A Black Lives Matter march for justice is planned for the City of Rye this Saturday, June 13th, 2020 at 2pm. Originally planned to begin at Rye Playland at 12pm, the march will now begin at Rye High School at 2pm. The organizers are expecting a few hundred people to attend.
The march is being organized by Rye High School alumni Cristiana Villani and Amanda Yannett, both RHS ’15. “We are honored that the speakers were more than happy to join our march and speak to our community,” Yannett told MyRye.com. “Ken Jenkins, Chris Johnson, Joan Grangenois-Thomas, Vincent Fields, and Jovan Richards are all visiting African American speakers.”
“We will also hear from other elected officials. Lt. Mike Anfuso and Lt. Scott Craig from the Rye police department were supportive. They communicated with us that the department was willing to assist us and ensure everyone’s safety. Members from the Rye City Council, specifically Sara Goddard, Pamela Tarlow, and Greg Usry, were supportive.”
From the starting location of the high school, the group will be marching to the Village Green in front of Rye City Hall. Several local government officials and leaders will speak before the group continues a march that loops back to Rye High School.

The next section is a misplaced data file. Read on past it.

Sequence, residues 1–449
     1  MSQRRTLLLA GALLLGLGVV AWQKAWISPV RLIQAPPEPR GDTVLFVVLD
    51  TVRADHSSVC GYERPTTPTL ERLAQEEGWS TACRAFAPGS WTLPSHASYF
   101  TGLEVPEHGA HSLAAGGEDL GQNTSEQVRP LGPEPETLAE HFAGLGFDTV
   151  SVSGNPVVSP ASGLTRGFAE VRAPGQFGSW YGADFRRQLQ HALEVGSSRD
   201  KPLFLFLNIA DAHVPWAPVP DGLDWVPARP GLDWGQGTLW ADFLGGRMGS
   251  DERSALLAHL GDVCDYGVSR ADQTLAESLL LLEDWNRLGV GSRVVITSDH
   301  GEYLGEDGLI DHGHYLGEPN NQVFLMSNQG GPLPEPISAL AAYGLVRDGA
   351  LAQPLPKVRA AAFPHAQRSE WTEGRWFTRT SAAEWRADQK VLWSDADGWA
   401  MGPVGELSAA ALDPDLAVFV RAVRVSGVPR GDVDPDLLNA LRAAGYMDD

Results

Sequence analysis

The current speaker slate includes:
Ken Jenkins, County Deputy Executive
George Latimer, Rye guy and County Executive
Shelley Mayer, State Senator for 37th District & Chair of the Committee of Education
Chris Johnson, County Legislator for 16th District
Josh Cohn, Mayor of Rye
Steve Otis, Rye guy, former Mayor and current State Assemblyman
Joan Grangenois-Thomas, Trustee of Port Chester
Jovan Richards, Executive VP of NY Young Democrats
The organizers are encouraging education, signing petitions, supporting black-owned businesses and more. “I believe one of the most important actions that those in our community must take is educating themselves on the history that is not taught in history books or the current affairs not shared in the news,” said organizer Villani. “After everything I learned majoring in Africana Studies, I am confident to say that our schools are not providing students with the detailed truth about how our country came to be, how to unlearn the racial stereotypes we are ingrained with, or how to realize and reflect on the 400 years of racial injustice.”
“I agree with Cristiana and her comment about the lack of honest discussion on the history of America in our school system,” said Yannett. “Confronting and honestly discussing the white privilege, implicit bias, and prejudice that exists in Rye and across the country is long overdue. I hope this movement can help spark these discussions in Rye and encourage the Rye City School District to include diversity education as a curriculum requirement. I challenge Rye residents to keep the energy and momentum going in the fight for justice.”
Both promise to continue to press for change beyond Saturday’s march.